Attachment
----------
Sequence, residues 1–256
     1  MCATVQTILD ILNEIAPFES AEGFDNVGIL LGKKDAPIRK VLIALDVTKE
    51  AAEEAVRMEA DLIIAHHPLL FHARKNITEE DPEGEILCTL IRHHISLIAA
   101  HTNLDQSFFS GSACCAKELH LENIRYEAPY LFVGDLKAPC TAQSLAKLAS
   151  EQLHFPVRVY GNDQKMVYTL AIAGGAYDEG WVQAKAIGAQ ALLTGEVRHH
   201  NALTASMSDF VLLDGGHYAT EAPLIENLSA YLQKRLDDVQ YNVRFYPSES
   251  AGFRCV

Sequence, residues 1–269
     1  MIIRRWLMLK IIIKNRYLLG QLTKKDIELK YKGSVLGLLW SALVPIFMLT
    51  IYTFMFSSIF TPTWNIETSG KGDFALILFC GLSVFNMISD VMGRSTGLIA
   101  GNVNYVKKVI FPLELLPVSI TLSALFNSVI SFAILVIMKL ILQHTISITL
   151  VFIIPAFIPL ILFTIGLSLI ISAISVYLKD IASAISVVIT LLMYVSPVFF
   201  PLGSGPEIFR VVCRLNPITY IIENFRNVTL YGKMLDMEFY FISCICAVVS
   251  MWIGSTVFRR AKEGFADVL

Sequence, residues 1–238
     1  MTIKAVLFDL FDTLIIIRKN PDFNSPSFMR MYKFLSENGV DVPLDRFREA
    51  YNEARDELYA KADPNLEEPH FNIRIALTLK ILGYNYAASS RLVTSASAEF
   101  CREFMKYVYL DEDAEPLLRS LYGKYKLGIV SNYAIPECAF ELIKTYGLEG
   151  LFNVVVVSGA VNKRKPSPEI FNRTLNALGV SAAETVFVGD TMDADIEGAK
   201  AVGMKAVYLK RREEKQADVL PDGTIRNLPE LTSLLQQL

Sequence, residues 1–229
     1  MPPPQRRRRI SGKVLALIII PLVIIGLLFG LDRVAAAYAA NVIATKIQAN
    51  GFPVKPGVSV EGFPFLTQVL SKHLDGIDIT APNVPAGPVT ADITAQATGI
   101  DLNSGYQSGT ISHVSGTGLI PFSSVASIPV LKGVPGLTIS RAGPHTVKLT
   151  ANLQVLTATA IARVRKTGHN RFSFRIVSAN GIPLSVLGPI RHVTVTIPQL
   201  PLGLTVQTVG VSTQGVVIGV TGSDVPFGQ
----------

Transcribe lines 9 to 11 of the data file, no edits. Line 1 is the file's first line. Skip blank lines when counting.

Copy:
     1  MIIRRWLMLK IIIKNRYLLG QLTKKDIELK YKGSVLGLLW SALVPIFMLT
    51  IYTFMFSSIF TPTWNIETSG KGDFALILFC GLSVFNMISD VMGRSTGLIA
   101  GNVNYVKKVI FPLELLPVSI TLSALFNSVI SFAILVIMKL ILQHTISITL